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Helping Make We Can Do Accessible

Posted on 7 January 2008. Filed under: Announcements, Inclusion, Introduction to "We Can Do" | Tags: , , , , , , , , , , |

Do you have an interest in ensuring that We Can Do is accessible to as many people as possible? Do you have advice, ideas, feedback, concerns, or other comments to share related to accessibility at We Can Do? If so, please consult the new page on “Accessibility“. I can use YOUR help. This can be as simple as two minutes of your time to comment on accessibility barriers you have encountered at We Can Do. Or it could mean 10 or 20 minutes to help advise me on how to create a table and make it accessible to blind people. Or it could mean a more extensive, on-going commitment to translate We Can Do materials into other languages.

“Accessibility” in part refers to making We Can Do accessible to people with disabilities. The disability group that tends to face the most barriers on the Web are people with vision impairments. Of particular concern are people who use screen readers, whether due to vision impairments or for other reasons such as dyslexia. So far, the people I know who use screen readers have not told me about any problems in navigating We Can Do. But each screen reader is different. And sometimes different people differ in how well they know how to use the equipment they have. So if you use a screen reader, I still want to hear your feedback on accessibility at We Can Do. I also would welcome advice and assistance in specific areas such as making pictures or tables accessible to blind people. If you think you might be able to help, please consult the Accessibility page for more details about what questions I have.

People who are blind are not the only people who face accessibility barriers. People who are deaf or hard of hearing, or have mobility impairments, specific learning disabilities, attention deficit disorder, or cognitive disabilities all face challenges in navigating the web. If you might have feedback you want to share in these areas, please consult the Accessibility page and share your comments.

At We Can Do, I am concerned with not only accessibility for people with disabilities fortunate enough to have Internet access and literacy skills. I also want to ensure that We Can Do is as accessible as possible for people in developing countries who may be using very old, slow equipment and dial-up connections. Or for people who cannot access the Internet at all. Or who do not read well in English. If you have thoughts you want to share, or if you have the time and interest to help, please consult the Accessibility page and contact me.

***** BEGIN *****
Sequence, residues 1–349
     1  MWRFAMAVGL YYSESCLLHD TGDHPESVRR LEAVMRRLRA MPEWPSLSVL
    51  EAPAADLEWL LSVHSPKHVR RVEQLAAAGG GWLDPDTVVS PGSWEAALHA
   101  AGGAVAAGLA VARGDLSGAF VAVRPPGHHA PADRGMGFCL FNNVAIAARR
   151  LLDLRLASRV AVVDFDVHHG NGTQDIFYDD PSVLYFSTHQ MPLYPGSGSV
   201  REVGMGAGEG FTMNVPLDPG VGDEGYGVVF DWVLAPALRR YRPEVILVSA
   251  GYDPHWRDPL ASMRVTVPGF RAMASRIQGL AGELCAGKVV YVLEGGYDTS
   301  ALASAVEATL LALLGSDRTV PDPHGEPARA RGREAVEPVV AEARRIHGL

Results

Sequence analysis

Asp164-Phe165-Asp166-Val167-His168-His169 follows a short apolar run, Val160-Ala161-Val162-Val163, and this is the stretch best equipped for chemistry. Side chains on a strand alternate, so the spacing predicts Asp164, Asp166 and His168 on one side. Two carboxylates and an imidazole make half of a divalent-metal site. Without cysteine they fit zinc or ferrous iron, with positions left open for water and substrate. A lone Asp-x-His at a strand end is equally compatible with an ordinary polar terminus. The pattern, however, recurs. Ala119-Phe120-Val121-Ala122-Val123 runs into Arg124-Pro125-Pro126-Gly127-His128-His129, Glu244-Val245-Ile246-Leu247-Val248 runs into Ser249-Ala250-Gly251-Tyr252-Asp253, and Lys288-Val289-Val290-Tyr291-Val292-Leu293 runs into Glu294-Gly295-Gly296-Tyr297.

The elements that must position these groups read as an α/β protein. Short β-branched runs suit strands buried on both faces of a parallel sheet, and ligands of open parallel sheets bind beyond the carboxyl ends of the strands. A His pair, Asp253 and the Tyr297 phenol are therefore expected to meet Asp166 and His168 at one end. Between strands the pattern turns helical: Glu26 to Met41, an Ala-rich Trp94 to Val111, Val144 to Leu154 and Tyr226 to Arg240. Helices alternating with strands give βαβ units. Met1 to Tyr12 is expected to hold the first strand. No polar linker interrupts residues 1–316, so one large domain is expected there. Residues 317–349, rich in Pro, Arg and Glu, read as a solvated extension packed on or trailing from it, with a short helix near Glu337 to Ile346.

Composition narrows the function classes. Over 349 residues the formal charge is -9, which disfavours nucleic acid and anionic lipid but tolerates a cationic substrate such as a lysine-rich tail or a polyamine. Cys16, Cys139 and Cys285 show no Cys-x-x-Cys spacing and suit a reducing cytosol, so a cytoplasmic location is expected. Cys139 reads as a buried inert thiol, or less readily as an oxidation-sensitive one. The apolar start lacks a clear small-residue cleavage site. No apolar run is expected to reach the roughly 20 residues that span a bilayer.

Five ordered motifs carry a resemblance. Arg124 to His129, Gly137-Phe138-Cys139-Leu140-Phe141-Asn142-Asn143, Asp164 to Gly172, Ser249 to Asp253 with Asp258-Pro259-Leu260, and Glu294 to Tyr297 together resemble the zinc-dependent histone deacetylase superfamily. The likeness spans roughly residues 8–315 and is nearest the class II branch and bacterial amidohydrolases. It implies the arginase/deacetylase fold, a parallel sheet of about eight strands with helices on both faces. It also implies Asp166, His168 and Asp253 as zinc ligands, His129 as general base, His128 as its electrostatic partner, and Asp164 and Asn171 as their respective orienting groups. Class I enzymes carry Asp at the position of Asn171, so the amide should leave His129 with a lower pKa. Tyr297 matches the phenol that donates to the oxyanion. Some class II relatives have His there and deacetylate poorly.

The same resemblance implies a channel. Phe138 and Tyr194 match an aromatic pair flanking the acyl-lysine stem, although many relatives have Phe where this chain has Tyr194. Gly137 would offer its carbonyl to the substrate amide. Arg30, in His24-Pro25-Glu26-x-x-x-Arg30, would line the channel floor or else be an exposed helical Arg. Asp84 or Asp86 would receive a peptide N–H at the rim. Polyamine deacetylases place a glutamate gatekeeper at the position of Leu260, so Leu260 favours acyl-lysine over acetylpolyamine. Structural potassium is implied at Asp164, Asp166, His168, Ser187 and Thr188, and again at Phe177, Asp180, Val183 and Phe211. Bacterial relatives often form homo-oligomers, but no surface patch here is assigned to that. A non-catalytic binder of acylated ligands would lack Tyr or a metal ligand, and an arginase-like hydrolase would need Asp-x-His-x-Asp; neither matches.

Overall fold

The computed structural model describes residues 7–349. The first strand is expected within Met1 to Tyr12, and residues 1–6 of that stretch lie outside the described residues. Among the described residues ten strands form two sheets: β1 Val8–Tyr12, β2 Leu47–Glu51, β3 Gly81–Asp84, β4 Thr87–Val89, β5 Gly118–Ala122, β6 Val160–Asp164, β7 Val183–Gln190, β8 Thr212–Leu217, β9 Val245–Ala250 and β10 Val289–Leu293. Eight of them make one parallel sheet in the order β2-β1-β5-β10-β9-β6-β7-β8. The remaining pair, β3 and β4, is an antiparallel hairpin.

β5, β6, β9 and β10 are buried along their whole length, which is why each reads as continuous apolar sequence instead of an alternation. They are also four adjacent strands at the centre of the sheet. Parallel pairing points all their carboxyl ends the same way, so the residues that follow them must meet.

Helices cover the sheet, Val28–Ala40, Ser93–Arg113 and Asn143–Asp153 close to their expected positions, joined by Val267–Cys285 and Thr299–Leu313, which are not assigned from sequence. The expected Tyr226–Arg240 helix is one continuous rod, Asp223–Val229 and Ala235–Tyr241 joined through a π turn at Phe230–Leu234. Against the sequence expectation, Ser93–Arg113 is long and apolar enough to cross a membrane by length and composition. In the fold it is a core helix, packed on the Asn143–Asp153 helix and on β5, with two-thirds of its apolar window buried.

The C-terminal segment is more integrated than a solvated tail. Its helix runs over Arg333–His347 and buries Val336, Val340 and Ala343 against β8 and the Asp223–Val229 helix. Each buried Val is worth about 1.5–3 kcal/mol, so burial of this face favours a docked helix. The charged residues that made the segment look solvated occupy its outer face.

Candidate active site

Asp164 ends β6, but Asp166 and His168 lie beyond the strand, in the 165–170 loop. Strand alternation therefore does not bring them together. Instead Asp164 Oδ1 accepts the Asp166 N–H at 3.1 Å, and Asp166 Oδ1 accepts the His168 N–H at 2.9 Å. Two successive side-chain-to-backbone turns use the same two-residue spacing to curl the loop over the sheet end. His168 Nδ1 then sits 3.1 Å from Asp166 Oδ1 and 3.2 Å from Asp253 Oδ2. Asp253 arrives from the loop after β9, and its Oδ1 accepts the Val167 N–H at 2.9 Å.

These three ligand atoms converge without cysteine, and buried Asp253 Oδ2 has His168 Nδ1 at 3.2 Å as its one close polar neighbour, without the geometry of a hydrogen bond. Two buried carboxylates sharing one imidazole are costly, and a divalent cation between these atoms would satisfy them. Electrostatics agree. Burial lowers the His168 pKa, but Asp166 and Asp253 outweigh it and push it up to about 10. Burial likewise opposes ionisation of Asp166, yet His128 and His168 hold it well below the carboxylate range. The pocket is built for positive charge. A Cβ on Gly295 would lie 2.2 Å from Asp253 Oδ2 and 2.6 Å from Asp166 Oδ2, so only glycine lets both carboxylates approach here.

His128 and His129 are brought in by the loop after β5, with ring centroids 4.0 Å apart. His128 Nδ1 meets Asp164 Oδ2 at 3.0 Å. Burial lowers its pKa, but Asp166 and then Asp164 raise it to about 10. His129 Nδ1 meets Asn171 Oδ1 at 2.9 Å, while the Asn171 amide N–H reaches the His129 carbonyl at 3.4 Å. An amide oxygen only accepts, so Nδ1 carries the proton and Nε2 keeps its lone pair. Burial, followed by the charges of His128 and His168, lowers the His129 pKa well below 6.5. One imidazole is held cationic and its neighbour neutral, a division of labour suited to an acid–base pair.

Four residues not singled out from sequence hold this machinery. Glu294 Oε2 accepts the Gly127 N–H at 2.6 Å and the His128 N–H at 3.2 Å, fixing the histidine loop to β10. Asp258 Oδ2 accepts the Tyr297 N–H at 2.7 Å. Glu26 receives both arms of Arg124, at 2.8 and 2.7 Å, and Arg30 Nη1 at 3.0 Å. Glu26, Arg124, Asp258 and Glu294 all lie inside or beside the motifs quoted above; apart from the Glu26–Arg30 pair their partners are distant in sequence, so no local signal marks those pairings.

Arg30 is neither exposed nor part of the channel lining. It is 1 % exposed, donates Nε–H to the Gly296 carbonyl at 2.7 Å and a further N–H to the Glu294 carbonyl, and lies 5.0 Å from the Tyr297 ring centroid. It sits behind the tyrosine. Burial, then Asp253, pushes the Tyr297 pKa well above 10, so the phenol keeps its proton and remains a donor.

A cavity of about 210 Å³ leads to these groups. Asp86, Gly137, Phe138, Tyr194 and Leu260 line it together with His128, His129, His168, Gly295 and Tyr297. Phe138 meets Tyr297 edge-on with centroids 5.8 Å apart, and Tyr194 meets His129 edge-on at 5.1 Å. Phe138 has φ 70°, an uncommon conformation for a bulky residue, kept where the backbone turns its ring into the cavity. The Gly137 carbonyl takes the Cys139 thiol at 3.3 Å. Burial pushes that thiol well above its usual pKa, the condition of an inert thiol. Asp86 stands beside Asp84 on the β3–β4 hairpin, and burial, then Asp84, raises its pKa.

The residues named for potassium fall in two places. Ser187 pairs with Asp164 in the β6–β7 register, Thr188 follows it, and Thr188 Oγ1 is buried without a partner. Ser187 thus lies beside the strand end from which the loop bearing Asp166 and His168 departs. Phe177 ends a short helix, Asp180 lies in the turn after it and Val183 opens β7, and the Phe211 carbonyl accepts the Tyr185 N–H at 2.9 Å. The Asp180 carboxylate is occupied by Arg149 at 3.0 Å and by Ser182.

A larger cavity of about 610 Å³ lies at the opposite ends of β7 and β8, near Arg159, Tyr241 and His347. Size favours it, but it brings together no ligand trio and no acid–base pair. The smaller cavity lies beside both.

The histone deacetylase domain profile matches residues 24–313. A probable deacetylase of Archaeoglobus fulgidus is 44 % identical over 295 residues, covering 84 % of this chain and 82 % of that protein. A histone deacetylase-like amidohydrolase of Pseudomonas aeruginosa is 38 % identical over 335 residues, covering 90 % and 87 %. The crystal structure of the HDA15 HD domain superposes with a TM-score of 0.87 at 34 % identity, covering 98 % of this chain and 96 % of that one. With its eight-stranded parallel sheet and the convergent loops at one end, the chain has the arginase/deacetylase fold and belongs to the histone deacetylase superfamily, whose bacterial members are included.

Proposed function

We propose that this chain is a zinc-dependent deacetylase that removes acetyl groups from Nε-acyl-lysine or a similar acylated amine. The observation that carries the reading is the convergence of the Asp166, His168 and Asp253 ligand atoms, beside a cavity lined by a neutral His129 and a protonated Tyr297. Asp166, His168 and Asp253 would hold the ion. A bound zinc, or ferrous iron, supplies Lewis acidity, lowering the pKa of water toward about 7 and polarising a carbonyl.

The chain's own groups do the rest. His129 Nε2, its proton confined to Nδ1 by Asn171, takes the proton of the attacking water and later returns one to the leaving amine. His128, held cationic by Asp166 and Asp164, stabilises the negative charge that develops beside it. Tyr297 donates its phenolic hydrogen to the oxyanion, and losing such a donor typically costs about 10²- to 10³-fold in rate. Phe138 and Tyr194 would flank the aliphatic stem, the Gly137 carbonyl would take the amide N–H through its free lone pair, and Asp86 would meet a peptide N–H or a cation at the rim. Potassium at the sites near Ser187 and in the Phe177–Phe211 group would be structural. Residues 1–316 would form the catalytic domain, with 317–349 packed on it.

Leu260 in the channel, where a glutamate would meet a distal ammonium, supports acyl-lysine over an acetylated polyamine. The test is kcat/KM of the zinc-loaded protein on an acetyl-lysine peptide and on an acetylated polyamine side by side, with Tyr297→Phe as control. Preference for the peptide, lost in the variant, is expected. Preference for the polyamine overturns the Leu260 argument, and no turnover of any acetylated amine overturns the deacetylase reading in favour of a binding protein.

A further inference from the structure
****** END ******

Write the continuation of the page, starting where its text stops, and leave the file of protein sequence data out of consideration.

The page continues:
I realize I have been posting many “administrivia” items at We Can Do lately and somewhat fewer fresh materials. I do have a couple more pages in mind that I want to add to the top navigation bar. But I will also be posting more news, resources, and papers in the coming few weeks. Please do keep coming back to We Can Do.

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NEWS: Christian Blind Mission Now for All Disabilities

Posted on 6 January 2008. Filed under: Blind, Cross-Disability, Deaf, Education, Mobility Impariments, News, Psychiatric Disabilities, Rehabilitation | Tags: , , , , , , , , , , |

The Christian Blind Mission has announced that they will now serve people with all disabilities, not only people with vision impairments. Until now, the century-old organization also known as Christoffel Blinden Mission and now officially named cbm, has focused its efforts on preventing and treating blindness and on providing education and rehabilitation services for people with vision impairment.

“The organization has decided that its purpose and work is to improve the quality of life of all persons with disability, which includes those with hearing or physical impairment and mental ill health as well as those with visual loss,” says CBM president, Prof. Allen Foster.

CBM has also issued a new motto: “Together we can do more.” The word “together” is meant to emphasize the importance of partnership, particularly with organizations in low-income countries and with mainstream development organizations. The phrase “we can” is meant to emphasize ability over disability. And “do more” is meant to challenge the fact that the majority of people with disabilities in developing nations do not receive the medical, educational, and rehabilitation services they need.

CBM works with more than 700 partners in more than 100 countries to serve more than 18 million people with disabilities.

More detail can be found at:

Thank you to Ghulam Nabi Nazimani for helping alert me to this news.